First, we call the Populate method of the superclass of this class. Since the LabEntry class is derived from the Tk::Frame class, this will call the Tk::Frame::Populate method. This is necessary so all options and create instructions for the frame widget are processed, too.
   # Advertised subwidgets:  entry.
   my $e = $cw->Entry();
   $e->pack('-expand' => 1, '-fill' => 'both');
These lines will create an Entry widget and pack it into the Frame widget.
   $cw->Advertise('entry' => $e );
This “advertises” inner widgets to the outer world. Once the Tk::LabEntry widget is created, one can use the Subwidget method to access the inner widgets: $labentry->Subwidget("entry"). This is often useful if you want to manipulate the inner widgets directly.
   $cw->ConfigSpecs(DEFAULT => [$e]);
Normal ConfigSpecs descriptions are far longer. This here contains only one entry, meaning that all configure options should be handled by the entry widget. I will show some other examples for the ConfigSpecs description later in this article.
   $cw->Delegates(DEFAULT => $e);
The ConfigSpecs description can be seen as an option delegation table. The Delegates description is a method delegation table. This describes which subwidgets will handle unknown method calls, that is, methods not handles by this module. In this case, all unknown method calls will go to the entry widget $e. For example, you can still use the entry method get to get parts of the entry text.
   $cw->AddScrollbars($e) if (exists $args->{-scrollbars});
The method AddScrollbars creates an additional scrollbar for the widget. If the LabEntry is created with -scrollbars => 's', a horizontal scrollbar below the entry widget will be created.
Finally, like every Perl module, this one is closed with a true value.

In the module above, only the entry widget was actually created. But what about the label widget? Well, here is some magic in the frame widget itself. The frame widget understands the options -label, -labelVariable and -labelPack. The Populate method of the frame widget will take this options and create a label widget at the appropriate position (as given by labelPack). Remember that the Populate method of Tk::LabEntry calls the Populate method of the superclass.

ConfigSpecs and Delegates

A typical ConfigSpecs description looks like this:
      (-repeatinterval => ['METHOD', 'repeatInterval', 'RepeatInterval', 50],
       -repeatdelay    => ['METHOD', 'repeatDelay',    'RepeatDelay',   500],
       -decbitmap      => ['METHOD', 'decBitmap',      'DecBitmap',
       -incbitmap      => ['METHOD', 'incBitmap',      'IncBitmap',
       -bell           => ['METHOD', 'bell', 'Bell', undef],
       -background     => ['DESCENDANTS', 'background', 'Background', undef],
       -foreground     => ['DESCENDANTS', 'foreground', 'Foreground', undef],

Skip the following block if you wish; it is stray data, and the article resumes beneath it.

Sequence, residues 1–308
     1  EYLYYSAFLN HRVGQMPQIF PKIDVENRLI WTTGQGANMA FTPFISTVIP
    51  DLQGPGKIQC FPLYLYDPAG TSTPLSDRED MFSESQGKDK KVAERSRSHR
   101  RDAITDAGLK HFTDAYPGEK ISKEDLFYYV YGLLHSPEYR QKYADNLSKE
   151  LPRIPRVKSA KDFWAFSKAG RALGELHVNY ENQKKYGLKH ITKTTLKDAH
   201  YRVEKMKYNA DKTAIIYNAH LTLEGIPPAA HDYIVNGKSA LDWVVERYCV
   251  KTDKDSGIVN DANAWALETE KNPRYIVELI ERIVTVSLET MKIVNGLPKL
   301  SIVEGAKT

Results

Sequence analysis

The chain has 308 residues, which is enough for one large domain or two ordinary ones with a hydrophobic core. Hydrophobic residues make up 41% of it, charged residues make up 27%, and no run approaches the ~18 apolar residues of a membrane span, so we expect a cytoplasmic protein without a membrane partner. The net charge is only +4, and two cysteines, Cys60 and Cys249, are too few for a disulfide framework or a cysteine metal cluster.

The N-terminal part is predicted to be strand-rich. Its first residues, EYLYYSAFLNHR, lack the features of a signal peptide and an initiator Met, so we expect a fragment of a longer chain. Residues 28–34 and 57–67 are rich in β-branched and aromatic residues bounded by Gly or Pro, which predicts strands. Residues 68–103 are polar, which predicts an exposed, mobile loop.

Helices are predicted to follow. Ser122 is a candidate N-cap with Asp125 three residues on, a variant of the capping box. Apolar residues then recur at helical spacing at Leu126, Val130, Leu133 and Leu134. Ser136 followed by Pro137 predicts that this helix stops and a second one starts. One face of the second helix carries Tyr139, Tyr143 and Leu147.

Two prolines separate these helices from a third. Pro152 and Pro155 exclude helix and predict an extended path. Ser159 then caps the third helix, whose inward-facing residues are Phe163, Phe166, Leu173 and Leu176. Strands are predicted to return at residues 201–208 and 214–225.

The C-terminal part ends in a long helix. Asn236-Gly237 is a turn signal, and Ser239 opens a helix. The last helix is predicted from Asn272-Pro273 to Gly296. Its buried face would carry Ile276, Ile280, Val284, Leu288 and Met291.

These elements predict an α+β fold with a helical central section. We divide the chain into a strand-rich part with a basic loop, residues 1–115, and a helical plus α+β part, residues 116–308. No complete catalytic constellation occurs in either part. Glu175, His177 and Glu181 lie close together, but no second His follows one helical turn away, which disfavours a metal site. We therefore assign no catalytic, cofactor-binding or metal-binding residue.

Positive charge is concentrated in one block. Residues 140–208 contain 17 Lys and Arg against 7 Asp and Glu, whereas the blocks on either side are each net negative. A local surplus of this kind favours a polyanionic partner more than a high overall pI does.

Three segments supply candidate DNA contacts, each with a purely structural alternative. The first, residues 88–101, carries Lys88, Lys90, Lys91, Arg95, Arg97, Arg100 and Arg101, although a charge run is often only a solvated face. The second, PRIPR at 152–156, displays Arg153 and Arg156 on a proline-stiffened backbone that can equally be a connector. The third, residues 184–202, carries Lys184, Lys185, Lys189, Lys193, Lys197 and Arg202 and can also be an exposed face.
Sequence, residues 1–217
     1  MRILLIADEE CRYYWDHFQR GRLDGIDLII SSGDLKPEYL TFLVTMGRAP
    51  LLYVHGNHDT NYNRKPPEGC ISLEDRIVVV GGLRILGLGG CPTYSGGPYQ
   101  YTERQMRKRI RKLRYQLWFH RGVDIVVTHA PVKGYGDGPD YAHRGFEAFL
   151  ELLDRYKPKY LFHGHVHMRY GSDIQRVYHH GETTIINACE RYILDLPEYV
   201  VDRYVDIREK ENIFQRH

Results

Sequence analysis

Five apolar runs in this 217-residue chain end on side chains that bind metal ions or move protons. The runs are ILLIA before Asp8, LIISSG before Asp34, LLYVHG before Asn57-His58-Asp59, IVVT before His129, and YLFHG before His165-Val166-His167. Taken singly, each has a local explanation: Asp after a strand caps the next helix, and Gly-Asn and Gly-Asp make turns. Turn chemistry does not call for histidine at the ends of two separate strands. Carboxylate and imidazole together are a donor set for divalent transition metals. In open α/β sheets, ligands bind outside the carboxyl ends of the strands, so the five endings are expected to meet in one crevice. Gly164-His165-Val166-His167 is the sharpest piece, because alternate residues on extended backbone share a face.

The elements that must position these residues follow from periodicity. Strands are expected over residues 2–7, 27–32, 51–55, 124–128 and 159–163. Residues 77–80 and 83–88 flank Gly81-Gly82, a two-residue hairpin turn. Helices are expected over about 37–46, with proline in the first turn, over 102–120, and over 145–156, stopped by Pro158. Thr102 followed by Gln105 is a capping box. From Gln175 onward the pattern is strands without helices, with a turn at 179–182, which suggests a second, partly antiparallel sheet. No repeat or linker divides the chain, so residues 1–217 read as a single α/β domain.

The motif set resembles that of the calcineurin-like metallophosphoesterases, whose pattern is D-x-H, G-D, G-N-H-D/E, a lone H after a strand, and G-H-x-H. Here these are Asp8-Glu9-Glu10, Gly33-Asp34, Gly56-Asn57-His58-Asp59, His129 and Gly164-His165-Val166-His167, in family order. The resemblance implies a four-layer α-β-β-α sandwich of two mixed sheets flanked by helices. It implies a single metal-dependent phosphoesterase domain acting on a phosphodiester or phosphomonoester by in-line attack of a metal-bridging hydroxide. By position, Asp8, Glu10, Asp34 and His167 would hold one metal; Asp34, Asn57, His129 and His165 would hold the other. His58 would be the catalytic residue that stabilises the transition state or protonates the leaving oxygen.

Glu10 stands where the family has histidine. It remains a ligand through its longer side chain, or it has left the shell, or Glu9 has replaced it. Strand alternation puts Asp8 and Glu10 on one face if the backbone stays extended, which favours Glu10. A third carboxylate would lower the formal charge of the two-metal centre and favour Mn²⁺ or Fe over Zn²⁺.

-precommand     => ['CALLBACK',    'preCommand', 'PreCommand', undef],
       -command        => ['CALLBACK',    'command',    'Command',    undef],
       -variable       => ['METHOD',      'variable',   'Variable',   undef],
       -value          => ['METHOD',      'value',      'Value',      undef],
       -data           => ['PASSIVE',     'data',       'Data',       undef],
The argument to ConfigSpecs is a hash. The keys (beginning with a dash) specify the options the widget should handle. The special key DEFAULT delegates non-specified options to another subwidget.

The values are four-element array references. The first element is the type of option. A common type is ‘PASSIVE’, which means that the configuration value will simply be stored in the Configure hash of the widget. The ‘METHOD’ type means that the handling of the option will be handled by a method with the same name, that is, the -repeatinterval option will be handled by the repeatinterval method. ‘CALLBACK’: it’s like PASSIVE, but the argument should be a subroutine. DESCENDANTS: option handling is delegated to the subwidgets. If the option handling should be delegated to a subset of the subwidgets, an array reference with the widget can be used. Example: -background => [[$entry, $label, …], ‘background’, ‘Background’, undef] ->cget(…) ->configure(…) or ->{Configure}{…} The other types are described in the Tk::configspec (or Tk::ConfigSpecs?) manpage. The second element is the dbName, the third is the dbClass. optionAdd. The fourth value is the predefined value for this option or undef. the above configspecs is from the Tk::Date widget. to use the dbName or dbClass specification, one can use the xrdb database under unix or the optionAdd method:

$top->optionAdd("*mydate.repeatInterval", 10, "userDefault");
$top->optionAdd("*mydate.repeatDelay", 100, "userDefault");

$d = $top->Date(Name => "mydate")->pack;
difference between class and name… well…


The typical flow of the populate method:
  • Declare method arguments
  • Call Populate method of superclass
  • Handle creation-time-only arguments (XXX explanation)
  • Create and advertise subwidgets
  • ConfigSpecs
  • Method delegation

The creation chain

here’s a short list of called methods to become the idea what’s going on in the internals of tk when creating a widget instance.
WidgetName is handled by the autoloader. It tries to load the widget module (unless loaded) and calls the new method of this widget. Then it goes with…
  Tk::Widget::ClassInit (overrideable --- Carry out class bindings (or whatever))
  Tk_cmd (get the sub for the creation of the core tk widget...
          this dives into C code)
  Tk::Widget::SetBindtags (set the bindtags for this widget, overrideable)
  Tk::Widget::InitObject (overrideable)
    in normal or non-derived widgets this is empty
    in Derived (composite) widgets this is:
      Tk::Widget::Populate (overrideable)